-- OleGrump

View OleGrump's profile


581 posts in 1624 days

#6 posted 07-07-2017 12:28 PM

Since you are developing a heathy interest in using hand tools, thus bolstering our number of “cordless” woodworkers, may I also share the following suggestion? There are several good videos on the subject available for viewing on YouTube. (and at everyone’s favorite price: “FREE-ninety-nine…..”) Along with the venerable Roy Underhill, there are very good videos by several other hand tool devotees. (Stumpy Nubb’s “Ole timey Woodworking” series among them.) Look under “Traditional Woodworking”, “Old Time woodworking”, “Hand Planes” and similar searches. You will pick up a lot of good information and techniques.while enjoying these videos. The most important “power tool” in any shop is one’s head. “Knowledge IS power !
An 80% powerless, Barry

-- OleGrump

View HokieKen's profile


19797 posts in 2418 days

#7 posted 07-07-2017 12:35 PM

Like JT said, it really depends on what work you want to do.

If I could only have 4 planes? #4 smoother set up as a scrub, #4-1/2 for smoothing, #5 or #6 for flattening and jointing and a skewed rabbet block plane.

In addition to the work you want to do, it also depends on whether you want to go hand-tool only or still plan to use power tools as well. Router planes and shoulder planes would be pretty necessary if you plan to abandon power all together.

Welcome to the site and enjoy your journey!

-- I collect hobbies. There is no sense in limiting yourself (Don W) - - - - - - - - Kenny in SW VA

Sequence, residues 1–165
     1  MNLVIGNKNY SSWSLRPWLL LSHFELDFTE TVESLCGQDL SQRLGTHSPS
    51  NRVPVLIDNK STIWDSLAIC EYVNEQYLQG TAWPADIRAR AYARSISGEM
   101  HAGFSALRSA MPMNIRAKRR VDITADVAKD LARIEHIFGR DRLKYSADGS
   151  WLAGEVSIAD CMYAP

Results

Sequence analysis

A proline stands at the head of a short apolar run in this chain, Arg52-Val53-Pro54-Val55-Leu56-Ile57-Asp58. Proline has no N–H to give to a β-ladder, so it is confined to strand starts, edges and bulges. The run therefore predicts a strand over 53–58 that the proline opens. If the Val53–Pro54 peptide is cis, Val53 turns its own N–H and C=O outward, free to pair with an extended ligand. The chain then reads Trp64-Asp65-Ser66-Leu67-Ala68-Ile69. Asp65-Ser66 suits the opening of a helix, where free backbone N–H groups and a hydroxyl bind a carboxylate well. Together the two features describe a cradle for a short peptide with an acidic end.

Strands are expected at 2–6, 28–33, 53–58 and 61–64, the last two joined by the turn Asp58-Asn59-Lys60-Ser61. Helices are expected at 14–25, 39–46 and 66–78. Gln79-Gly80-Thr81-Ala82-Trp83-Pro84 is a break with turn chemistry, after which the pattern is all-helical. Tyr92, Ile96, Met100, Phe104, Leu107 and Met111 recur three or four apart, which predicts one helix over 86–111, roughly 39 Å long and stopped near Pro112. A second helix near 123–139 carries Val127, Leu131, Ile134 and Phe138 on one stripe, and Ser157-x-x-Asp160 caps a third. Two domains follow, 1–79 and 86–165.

View Smitty_Cabinetshop's profile


17571 posts in 3898 days

#8 posted 07-07-2017 12:59 PM

For smoothing most anything, a #4 is essential. Go with a #4 1/2 if things like table tops are in your future. But smoothing is the smallest part of hand plane woodworking. The workhorse is the jack plane, or #5. It’s essential, and is the plane you’ll use the most. If working long edges (jointing) is in your future with planes as well, get a #8 and not mess around with a #6 or #7.

The fourth and final I’d consider to be essential is a shoulder plane, like the Stanley #93. That said, a low angle block plane is also pretty key. But blocks are pretty easy to come by so there’s an opportunity to pick up a shoulder plane from your neighbor, that’d be the time to do so.

After those, if he has a #50 and wants to part with it, a lot of windows will be opened to you as well. Easier to master than the #45, and quite versatile.

-- Don't anthropomorphize your handplanes. They hate it when you do that. - OldTools Archive -

View WayneC's profile


14359 posts in 5377 days

#9 posted 07-07-2017 02:35 PM